Egyptian Polychrome Gesso Coffin Lid – 1946 Provenance

Starting: $65,000

Egypt, Late Dynastic Period, 26th to 31st Dynasty, ca. 664 to 332 BCE. An incredible exterior coffin lid carved from hardwood and depicting a serene countenance atop an elaborately decorated body. Painted gesso atop the lid is decorated to show the red-orange face with almond-shaped eyes and elongated canthi, a protruding nose above pouty lips, and a black chinstrap with a net-patterned false beard. Each wig lappet has vertical stripes of alternating hues with serrated tips, and a wadjet peers out on each shoulder. The huge wesekh collar is replete with checkerboards, blue and red triangles, rosettes, and drop-form patterns. The leg panels show the deceased laying atop a lion-headed table beneath the head of Anubis, flanked by the mourning goddesses Isis and Nephthys, with a sun disc, a winged scarab, and two wadjet eyes in the panel above, and two representations of the god Khnum to its sides. The lower legs display several standing funerary deities flanking three columns of hieroglyphs that perhaps identify the deceased. Size: 74″ L x 18″ W (188 cm x 45.7 cm)

Anthropoid coffins like this example first appeared by the Middle Kingdom – skillfully carved so as to outline the mummy’s body and decorated with the visage and wig of the deceased individual. Such coffins not only served to copy the mummy’s form kept within, but also served as actual substitutes for the bodies if that the mummy’s body was lost or destroyed. As time progressed, these coffins were decorated with more extensive iconographic programs, presenting a greater number of inscriptions.

This sarcophagus and others like it were traditionally carved from cedar, though cedar was only used by those wealthy families who could afford the exotic hardwood. Interestingly, cedar wood was not native to Egypt. Egypt did not have verdant forests filled with tall trees, and unfortunately most of its native lumber was of relatively poor quality. Thus, they relied on importing to acquire hardwoods – ebony imported from Africa, cedar and pine from Lebanon. One fabulous obelisk inscription by Thutmose III attests to the luxury of treasured hardwoods. It reads as follows, “They brought to me the choicest products . . . consisting of cedar, juniper and of meru wood . . . all the good sweet woods of God’s Land.” The rarity of cedar meant that coffins like this one were reserved for those who could afford them.

The iconography of Anubis’ disembodied, jackal-form head is symbolically significant due to his direct association with the dead, the process of embalming, and the trial known as the ‘weighing of the heart.’ Anubis, based on the real animal called the African golden jackal, is usually depicted as either a canine or a man with a canine head. Like many Egyptian deities, the role of Anubis changed over time. During the First Dynasty (ca. 3150 to 2890 BCE), he was a protector of graves, a member of the embalming entourage, and the de facto ruler of the underworld. In the Middle Kingdom period (ca. 2050 to 1550 BCE), Osiris claimed Anubis’ role as lord of the underworld. Anubis was still a preeminent presence during the ‘weighing of the heart’ ceremony where the weight of the heart of the deceased would be measured against that of a feather of Ma’at (or feather of truth) to observe if the deceased had been virtuous and forthright during their stay in the realm of the living. Should the heart weigh less than the feather, the deceased would be permitted to enjoy to resplendency of the Fields of Osiris in the afterlife. Should the heart weigh even a gram more than the feather, both the heart and soul of the deceased were cast into the maw of Ammit, a horrifying chimeric beast indentured with punishing evil souls for the rest of eternity.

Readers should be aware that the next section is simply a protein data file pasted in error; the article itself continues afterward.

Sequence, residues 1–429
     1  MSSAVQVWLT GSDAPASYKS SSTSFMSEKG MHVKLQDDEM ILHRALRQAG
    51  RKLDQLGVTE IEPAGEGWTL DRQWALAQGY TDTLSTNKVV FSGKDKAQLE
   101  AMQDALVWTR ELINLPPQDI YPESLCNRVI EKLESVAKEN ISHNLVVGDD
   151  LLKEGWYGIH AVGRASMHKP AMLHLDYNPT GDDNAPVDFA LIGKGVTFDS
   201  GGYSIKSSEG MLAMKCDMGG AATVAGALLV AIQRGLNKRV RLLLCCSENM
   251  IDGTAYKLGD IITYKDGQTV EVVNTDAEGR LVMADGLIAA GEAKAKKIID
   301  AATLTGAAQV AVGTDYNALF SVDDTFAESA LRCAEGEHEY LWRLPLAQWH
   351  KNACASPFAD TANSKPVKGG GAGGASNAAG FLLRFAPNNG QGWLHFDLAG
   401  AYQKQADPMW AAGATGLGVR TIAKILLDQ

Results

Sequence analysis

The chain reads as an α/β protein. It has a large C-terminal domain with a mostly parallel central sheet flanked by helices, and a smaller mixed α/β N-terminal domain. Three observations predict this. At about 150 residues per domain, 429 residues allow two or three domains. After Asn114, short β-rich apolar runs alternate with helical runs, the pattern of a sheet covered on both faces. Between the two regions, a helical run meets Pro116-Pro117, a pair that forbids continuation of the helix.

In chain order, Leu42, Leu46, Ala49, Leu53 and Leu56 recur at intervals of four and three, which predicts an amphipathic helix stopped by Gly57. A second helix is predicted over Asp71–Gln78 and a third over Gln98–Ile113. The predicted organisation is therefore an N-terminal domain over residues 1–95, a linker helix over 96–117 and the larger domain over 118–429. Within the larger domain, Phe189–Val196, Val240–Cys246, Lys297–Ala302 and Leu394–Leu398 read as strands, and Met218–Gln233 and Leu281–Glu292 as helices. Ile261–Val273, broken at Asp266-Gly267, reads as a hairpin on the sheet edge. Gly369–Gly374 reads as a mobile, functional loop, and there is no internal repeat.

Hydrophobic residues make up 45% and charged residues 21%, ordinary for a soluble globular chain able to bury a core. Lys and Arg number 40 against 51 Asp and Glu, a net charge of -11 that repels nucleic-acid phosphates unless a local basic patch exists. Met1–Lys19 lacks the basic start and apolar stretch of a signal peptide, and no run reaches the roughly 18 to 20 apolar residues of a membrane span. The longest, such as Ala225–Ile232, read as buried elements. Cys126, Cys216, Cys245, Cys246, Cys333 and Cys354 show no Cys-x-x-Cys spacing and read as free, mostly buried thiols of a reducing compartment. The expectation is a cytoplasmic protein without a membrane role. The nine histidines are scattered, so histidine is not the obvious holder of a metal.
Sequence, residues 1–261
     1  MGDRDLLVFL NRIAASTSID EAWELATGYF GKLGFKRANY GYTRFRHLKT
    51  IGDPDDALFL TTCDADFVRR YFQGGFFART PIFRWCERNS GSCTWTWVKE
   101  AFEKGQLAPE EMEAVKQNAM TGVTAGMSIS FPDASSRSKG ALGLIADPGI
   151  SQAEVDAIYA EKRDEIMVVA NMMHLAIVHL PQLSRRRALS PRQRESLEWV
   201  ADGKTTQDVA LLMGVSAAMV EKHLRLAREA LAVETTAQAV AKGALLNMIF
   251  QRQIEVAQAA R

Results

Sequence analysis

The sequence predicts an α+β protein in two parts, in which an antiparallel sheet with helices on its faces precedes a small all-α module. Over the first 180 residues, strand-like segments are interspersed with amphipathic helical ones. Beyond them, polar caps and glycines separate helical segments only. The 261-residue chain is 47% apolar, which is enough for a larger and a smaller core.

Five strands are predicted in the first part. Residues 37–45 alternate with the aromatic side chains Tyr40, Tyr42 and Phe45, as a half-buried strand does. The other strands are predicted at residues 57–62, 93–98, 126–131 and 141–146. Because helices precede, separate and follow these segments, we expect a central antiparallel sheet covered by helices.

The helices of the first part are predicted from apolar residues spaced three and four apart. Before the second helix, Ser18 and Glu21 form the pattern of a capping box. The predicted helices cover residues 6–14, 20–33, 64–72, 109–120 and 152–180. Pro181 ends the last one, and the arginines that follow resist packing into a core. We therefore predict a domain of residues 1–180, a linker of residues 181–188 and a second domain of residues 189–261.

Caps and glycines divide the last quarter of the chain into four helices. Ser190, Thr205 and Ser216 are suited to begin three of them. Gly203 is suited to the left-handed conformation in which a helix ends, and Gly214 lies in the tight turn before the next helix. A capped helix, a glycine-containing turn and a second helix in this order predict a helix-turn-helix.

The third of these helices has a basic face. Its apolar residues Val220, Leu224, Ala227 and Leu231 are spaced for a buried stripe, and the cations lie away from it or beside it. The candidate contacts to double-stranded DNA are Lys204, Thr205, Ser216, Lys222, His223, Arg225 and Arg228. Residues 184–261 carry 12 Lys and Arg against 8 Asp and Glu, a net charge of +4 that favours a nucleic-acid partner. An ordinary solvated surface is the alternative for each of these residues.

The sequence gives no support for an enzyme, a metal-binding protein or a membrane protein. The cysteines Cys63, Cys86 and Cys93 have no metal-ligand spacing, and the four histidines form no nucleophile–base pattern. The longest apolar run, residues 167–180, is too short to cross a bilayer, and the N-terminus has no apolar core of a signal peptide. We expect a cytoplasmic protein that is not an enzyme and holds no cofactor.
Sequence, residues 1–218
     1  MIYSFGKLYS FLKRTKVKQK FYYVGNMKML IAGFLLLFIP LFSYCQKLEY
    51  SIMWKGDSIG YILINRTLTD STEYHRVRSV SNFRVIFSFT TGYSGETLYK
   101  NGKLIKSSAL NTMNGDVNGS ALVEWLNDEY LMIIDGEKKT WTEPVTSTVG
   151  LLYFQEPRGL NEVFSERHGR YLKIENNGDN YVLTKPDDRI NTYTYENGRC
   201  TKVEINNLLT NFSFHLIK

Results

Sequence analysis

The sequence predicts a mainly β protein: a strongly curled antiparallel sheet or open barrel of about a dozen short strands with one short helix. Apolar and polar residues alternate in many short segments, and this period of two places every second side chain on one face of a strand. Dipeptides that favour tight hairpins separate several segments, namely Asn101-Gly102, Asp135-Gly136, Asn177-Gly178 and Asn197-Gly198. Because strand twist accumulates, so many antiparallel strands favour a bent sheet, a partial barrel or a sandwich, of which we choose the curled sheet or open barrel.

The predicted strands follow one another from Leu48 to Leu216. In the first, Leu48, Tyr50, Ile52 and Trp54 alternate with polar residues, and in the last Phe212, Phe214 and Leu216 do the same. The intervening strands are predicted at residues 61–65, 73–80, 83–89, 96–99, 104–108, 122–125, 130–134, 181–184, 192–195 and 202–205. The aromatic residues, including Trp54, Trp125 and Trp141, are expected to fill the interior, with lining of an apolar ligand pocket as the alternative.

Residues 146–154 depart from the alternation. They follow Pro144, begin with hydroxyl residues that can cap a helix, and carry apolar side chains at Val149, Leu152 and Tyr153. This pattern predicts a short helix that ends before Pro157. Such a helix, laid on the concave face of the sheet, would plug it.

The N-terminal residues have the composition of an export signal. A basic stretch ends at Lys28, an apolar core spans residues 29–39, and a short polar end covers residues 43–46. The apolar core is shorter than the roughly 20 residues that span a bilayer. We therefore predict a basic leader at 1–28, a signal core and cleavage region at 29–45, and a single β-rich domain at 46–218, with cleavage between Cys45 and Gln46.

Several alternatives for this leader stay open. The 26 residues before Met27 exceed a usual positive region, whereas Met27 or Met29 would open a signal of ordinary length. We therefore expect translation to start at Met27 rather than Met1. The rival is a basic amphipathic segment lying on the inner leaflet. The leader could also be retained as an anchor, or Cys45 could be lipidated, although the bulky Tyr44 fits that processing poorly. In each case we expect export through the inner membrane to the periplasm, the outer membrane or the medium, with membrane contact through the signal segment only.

For a similar example of a coffin lid from the Thirtieth Dynasty with a lower portion beneath, please see Ikram, Salima and Aidan Dodson. “The Mummy in Ancient Egypt: Equipping the Dead for Eternity.” Thames and Hudson, London, 1998, p. 241, fig. 324.

For another example of a coffin lid with dense decorations from the 26th Dynasty, please see The Metropolitan Museum of Art, accession number 30.3.44a,b.

For an example of a coffin lid showing the deceased praying to each of the funerary deities, please see The British Museum, museum number EA6693.

Provenance: private Hawaii, USA collection; ex-private Ezeldeen Taha Eldarir collection, New York, USA, purchased in December, 1946 and imported from Egypt in November, 1948; ex-Salahaddin Sirmali collection, Egypt; appraised by Mr. Hossen Rashed, head of the Egyptian antiquities house